Now that Yui is 3 years old, she gets to understand things more and communicates her feelings articulately. Whoever said that parenting is a walk in the park is surely mistaken. In the example above, Yui was able to complete this seatwork by herself. She wrote her name without help, traced the words and drew those faces. Imagine my feeling when I saw this – it was such a proud moment! So the words “smart”, “cute” and “pretty” are often heard to describe the little girl. It wasn’t long therefore that she got to associate these words with her too.

One night, we were talking outside and she asked what those lines in the posts are. I told her those are electric lines. So she mentioned that maybe those lines power our houses. And I said yes. Then the conversation went on like this:

Yui: “I know. Mommy, I’m smart right?”

Mommy: “Yes, baby. But you should not say that you are smart. You have to just wait for other people to say that. Not you.”

Yui: “But how will they know? If I don’t tell them?”

Mommy: *stumped* (oo nga naman) After a long pause, “Yes, but they will know. Even if you won’t tell them”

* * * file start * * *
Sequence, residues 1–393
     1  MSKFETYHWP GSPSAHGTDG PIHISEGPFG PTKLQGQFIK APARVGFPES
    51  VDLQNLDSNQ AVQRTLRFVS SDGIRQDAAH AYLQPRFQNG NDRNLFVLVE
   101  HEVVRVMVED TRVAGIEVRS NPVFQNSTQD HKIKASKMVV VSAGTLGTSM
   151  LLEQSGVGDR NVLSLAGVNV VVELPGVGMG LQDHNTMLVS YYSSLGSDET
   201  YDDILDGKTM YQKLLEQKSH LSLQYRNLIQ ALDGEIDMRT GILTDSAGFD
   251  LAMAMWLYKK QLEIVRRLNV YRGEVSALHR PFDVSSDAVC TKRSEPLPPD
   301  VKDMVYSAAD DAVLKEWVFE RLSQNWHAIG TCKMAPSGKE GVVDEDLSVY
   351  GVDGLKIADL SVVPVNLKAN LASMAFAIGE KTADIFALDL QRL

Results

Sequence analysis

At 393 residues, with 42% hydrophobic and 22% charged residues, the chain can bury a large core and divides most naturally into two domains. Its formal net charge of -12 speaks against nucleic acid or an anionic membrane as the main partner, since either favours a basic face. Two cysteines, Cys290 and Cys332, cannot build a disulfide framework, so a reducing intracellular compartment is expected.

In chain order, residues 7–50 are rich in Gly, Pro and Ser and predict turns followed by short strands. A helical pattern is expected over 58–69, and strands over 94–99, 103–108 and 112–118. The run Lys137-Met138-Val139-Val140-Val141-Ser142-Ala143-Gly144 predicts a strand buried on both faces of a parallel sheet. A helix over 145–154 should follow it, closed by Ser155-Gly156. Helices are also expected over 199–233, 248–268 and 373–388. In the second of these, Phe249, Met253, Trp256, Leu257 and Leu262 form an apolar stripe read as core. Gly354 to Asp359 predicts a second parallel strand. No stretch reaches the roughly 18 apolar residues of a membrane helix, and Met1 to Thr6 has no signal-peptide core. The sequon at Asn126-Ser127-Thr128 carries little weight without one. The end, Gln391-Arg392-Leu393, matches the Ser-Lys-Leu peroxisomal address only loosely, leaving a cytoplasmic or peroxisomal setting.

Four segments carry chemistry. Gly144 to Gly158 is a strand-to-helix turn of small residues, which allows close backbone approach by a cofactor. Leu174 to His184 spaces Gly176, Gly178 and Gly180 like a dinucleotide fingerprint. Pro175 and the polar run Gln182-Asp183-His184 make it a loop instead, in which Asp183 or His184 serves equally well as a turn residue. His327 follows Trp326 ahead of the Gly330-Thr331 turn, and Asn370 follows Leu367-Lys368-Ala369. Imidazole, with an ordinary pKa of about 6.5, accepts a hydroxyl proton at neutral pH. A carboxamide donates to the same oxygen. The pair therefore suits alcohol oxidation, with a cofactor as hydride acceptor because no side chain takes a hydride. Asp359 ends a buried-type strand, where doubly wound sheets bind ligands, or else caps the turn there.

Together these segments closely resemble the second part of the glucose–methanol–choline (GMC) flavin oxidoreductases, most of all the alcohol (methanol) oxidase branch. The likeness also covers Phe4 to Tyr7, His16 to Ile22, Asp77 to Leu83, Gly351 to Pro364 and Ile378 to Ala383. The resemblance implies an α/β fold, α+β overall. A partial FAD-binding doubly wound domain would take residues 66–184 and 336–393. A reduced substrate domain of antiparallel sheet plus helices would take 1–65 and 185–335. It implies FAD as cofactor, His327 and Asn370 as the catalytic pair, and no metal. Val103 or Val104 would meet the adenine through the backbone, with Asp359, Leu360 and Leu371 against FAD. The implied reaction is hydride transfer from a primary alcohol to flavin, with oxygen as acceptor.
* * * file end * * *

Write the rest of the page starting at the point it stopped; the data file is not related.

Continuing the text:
So that’s where my dilemma comes in. How do I teach my daughter humility? I’m not even sure if what I said was right. I’m not sure if that’s how you start to introduce the notion of humility to a child. I started to actively research on the subject and got some tips from other mommies online. Some of the most note-worthy “tips” that I read are:

1. Model the behavior. Well, we believe this is true not just on teaching humility but also other character building stuff that we want our child to learn like respect. If she sees us doing it, she will follow. Old school rule. But which sometimes I’m guilty of forgetting. This is something that I should consciously strive to do day in and day out. Who knows, I will not only build my daughter’s character but improve mine as well.

2. Build their skills. However ironic this may sound, they say to be able to teach a child to be humble, she should have something to be humble about. So building our children’s skills is important. She should be able to have self-acceptance and self-confidence.